This is a partial transcript from The Beltway Boys, July 13, that has been edited for clarity. Click here to order the complete transcript.

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FRED BARNES, CO-HOST: Let's go to the Ups and Downs.

MORT KONDRACKE, CO-HOST: I'm ready.

BARNES: Are you ready?

KONDRACKE: I'm ready, let's go.

UP: Airline pilots

BARNES: They got a big win from the House this week with a vote that allows them to carry guns in the cockpit. But the measure faces an uphill battle in the Senate.

Here's Captain Dennis Dolan, vice president of the Airline Pilots Association, with his take on the issue.

(BEGIN VIDEO CLIP)

CAPT. DENNIS DOLAN, VICE PRESIDENT, AIRLINE PILOTS ASSOCIATION: I guess from my perspective, if a terrorist gets into the cockpit, is the pilot just supposed to sit there and continue to fly, or is he going to try to defend himself? Well, obviously, he's going to try to defend himself...

(END VIDEO CLIP)

BARNES: You know, Mort, you know, I like this guy, I think he's a great pilot and everything. But he's basically wrong, he's missing the point. The point is deterrence. You don't want gunfights on the plane with — And you won't have them. The idea is, hijackers and terrorists are not going to get on planes if they know that the pilot is armed. It's just not going to happen. That's the whole idea. It'll work well. The Senate better knuckle under.

For some reason, President Bush is totally wrong on this issue. He thinks we shouldn't arm the pilots.

KONDRACKE: Congratulations to you. You're one of the, the, the major forces pushing that...

BARNES: Well, I hope so.

KONDRACKE: ...bill, it ought to be named the Fred Barnes Memorial Bill.

BARNES: I'll, I'll accept it.

KONDRACKE: But, but, you know, the, the airline pilots themselves say that only a few of them are going to carry guns, no — but that's the point, you know, that the terrorists will never know how many, how many people...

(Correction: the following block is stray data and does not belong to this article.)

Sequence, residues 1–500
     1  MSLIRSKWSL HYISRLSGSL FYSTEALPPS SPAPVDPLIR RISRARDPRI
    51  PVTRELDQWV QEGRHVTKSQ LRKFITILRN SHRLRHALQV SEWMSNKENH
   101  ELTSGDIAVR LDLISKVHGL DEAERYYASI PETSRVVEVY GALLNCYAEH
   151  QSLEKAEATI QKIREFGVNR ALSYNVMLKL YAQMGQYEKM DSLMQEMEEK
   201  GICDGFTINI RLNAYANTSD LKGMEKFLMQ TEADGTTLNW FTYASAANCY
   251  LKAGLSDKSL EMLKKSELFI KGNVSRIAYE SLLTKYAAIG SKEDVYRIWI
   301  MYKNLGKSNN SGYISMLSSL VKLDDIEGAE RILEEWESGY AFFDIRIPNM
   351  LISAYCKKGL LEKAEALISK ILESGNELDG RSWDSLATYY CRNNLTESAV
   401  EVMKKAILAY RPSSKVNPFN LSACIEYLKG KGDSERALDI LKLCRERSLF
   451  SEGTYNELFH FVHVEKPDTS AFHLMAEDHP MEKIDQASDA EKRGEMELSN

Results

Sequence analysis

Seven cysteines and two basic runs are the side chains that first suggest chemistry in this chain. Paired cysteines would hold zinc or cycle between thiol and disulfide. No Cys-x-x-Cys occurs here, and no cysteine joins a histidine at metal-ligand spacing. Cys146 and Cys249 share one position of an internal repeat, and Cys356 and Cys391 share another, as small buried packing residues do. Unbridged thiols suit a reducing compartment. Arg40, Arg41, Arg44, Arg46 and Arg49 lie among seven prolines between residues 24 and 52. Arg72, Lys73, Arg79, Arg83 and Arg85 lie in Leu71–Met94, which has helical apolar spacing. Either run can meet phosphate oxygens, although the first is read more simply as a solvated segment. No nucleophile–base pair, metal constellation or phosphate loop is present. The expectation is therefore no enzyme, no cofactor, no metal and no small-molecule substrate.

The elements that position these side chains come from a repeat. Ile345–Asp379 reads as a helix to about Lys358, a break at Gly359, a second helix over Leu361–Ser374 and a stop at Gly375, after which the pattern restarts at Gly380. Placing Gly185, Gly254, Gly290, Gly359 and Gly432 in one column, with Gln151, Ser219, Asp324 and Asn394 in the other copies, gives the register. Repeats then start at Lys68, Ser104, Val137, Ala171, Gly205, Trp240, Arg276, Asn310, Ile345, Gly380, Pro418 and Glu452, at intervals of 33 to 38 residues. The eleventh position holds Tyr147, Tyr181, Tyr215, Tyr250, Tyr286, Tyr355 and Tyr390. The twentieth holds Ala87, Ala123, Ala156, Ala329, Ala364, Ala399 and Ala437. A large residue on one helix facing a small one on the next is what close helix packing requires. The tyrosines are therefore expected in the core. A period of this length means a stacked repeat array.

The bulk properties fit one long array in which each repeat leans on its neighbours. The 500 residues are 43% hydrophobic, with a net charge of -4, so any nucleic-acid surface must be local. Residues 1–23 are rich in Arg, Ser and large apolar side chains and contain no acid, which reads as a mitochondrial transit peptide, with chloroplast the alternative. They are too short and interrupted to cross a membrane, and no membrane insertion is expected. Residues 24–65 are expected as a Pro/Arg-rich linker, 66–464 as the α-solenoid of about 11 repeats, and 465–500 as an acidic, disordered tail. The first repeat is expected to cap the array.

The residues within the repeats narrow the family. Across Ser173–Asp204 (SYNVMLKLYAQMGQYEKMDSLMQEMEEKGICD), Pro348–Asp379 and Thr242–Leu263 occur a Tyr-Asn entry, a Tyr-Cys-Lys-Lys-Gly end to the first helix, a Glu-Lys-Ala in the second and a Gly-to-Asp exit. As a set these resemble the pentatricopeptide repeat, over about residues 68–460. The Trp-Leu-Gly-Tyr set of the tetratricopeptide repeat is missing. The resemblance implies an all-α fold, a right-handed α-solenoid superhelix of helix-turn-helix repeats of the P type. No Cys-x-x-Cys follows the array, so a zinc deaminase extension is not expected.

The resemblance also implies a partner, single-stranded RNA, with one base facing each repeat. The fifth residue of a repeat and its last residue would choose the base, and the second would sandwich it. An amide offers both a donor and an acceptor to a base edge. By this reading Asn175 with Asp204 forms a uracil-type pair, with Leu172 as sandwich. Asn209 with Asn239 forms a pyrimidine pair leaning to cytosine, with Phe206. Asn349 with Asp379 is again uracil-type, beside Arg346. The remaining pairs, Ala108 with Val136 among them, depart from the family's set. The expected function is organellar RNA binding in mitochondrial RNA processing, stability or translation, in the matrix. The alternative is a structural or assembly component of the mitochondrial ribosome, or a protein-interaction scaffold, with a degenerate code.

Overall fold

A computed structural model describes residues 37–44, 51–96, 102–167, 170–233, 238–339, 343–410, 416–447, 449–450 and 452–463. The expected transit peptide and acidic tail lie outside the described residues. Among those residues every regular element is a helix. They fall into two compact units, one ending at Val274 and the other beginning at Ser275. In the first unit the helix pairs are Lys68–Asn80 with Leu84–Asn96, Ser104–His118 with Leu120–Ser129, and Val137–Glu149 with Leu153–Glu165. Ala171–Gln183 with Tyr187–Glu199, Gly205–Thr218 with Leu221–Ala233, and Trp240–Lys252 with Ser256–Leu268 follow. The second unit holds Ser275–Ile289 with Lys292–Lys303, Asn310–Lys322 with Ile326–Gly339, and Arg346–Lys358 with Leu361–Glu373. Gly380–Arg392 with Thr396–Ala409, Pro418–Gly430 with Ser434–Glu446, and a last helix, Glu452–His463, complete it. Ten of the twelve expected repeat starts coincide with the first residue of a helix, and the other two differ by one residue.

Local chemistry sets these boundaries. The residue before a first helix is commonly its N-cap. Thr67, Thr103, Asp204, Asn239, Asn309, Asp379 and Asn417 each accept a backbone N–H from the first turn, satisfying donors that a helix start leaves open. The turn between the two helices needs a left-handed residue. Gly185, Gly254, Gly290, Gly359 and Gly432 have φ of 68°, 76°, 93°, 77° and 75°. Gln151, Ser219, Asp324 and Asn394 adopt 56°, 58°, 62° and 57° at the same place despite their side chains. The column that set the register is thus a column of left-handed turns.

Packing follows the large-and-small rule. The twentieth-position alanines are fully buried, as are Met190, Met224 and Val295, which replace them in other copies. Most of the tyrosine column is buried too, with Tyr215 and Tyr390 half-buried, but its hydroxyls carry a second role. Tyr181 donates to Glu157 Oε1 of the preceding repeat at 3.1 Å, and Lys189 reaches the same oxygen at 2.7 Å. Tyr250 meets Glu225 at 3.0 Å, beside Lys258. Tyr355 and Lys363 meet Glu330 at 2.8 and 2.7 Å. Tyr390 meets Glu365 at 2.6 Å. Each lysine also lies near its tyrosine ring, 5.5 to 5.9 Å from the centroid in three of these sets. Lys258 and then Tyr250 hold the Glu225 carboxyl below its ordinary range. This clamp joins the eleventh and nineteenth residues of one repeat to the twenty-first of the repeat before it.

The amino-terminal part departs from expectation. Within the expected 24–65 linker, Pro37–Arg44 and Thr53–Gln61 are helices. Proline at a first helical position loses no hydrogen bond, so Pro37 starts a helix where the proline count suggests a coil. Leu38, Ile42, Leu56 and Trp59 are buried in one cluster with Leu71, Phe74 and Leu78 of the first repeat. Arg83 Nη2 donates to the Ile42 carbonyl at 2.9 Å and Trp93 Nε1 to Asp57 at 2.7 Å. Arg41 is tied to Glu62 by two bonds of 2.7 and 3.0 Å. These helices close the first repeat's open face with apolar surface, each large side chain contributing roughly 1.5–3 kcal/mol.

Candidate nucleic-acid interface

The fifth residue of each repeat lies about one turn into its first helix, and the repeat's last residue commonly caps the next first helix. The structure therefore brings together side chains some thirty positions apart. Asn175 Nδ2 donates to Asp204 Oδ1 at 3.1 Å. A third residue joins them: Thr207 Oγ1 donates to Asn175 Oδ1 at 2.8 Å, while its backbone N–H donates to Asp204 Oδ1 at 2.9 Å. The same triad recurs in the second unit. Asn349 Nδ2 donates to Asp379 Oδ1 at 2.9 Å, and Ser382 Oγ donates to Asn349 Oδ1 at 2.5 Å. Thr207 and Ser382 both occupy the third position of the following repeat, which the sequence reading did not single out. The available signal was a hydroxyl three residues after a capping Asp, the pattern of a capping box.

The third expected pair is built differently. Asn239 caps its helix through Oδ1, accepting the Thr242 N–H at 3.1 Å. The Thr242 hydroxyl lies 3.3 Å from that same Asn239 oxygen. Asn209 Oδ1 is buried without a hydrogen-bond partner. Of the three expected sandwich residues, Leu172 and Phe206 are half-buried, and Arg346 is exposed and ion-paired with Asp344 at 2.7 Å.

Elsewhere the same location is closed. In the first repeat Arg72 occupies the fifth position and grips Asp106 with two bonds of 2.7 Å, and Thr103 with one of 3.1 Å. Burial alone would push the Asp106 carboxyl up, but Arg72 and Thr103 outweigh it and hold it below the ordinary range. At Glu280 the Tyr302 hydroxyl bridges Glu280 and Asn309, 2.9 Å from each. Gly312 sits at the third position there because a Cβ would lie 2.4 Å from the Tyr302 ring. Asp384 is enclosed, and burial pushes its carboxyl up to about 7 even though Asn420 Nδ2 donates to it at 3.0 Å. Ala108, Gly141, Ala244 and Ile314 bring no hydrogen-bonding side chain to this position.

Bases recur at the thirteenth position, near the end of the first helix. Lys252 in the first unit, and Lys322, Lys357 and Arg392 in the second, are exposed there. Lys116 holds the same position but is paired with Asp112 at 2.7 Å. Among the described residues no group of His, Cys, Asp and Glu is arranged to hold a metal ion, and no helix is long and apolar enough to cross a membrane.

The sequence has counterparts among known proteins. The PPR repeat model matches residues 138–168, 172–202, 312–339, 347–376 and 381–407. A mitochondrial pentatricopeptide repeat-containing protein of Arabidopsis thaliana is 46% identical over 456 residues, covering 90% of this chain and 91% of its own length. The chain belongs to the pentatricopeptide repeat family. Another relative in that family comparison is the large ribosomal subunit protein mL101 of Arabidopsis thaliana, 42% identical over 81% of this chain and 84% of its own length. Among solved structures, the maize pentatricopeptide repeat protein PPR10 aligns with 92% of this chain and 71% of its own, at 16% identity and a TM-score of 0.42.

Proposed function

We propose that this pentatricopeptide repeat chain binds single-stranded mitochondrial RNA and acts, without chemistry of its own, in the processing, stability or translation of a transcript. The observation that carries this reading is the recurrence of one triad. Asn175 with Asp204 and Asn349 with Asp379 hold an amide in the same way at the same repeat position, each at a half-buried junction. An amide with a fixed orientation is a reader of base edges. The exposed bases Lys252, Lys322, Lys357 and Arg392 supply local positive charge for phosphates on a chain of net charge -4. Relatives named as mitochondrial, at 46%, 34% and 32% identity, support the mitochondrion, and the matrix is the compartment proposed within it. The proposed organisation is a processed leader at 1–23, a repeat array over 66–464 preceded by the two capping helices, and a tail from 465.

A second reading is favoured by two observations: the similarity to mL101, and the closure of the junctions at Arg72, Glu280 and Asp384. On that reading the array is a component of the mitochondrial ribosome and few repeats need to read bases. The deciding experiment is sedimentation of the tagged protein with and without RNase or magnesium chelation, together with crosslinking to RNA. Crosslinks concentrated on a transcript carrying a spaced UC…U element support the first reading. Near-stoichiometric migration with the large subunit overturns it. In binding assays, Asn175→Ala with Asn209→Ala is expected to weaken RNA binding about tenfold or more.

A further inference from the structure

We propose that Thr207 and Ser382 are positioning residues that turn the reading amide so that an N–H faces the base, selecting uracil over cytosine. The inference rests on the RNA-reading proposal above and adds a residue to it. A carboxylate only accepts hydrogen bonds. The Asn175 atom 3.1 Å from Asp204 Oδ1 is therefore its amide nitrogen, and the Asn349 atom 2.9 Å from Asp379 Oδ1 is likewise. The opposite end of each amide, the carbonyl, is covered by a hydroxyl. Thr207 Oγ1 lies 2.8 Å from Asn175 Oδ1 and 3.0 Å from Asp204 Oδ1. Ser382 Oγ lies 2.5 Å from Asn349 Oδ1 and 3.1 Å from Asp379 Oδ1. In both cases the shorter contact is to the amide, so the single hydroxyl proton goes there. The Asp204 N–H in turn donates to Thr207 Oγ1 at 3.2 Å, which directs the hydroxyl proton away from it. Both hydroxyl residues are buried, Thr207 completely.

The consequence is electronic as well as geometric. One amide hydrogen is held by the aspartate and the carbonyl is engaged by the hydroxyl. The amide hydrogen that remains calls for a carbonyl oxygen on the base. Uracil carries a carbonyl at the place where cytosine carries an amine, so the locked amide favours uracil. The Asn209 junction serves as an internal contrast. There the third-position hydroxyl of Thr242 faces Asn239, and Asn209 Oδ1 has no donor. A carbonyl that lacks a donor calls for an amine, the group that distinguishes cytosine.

BARNES: Yes.

KONDRACKE: ... there actually are, it's a good deterrent.

DOWN: Assistant Secretary of State Mary Ryan

KONDRACKE: Ryan, the foreign service's equivalent of a four-star general, gets the boot amid reports of lax standards in the, in obtaining U.S. visas. The final nail in the coffin was a money-for-visa scheme involving Middle Easterners who actually had connections with the 9/11 hijackers.

BARNES: Well, Mary Ryan just did not get the message from September 11. I mean, she seemed to think that the, that the best thing to do was continue doing exactly what she had always done and expedite getting people with visas and visitors from other countries in the United States just as fast and just as many as possible.

she didn't understand that there's a new concern here that trumps this expedition that she was following, and, and, and what it is, is security, that that's the most important thing.

She made no changes in the whole visa process. She had to go.

KONDRACKE: Yes, but the, the, that, this is part of a larger problem, and that is, the State Department and even George Bush's coziness with the Saudi — with Saudi Arabia, I mean, you — what — the Visa Express operation still exists that, that she established, whereby travel agents in Saudi Arabia...

BARNES: Yes.

KONDRACKE: ... basically do the screening, and, and most Saudi visa holders never get questioned by, by an American diplomat.

BARNES: Yes, right.

KONDRACKE: So they can, they can flood right into the country, in spite of the fact that, that 15 of the 19 terrorists were, were, were from Saudi Arabia.

Moreover, you know right after 9/11 happened...

BARNES: Yes.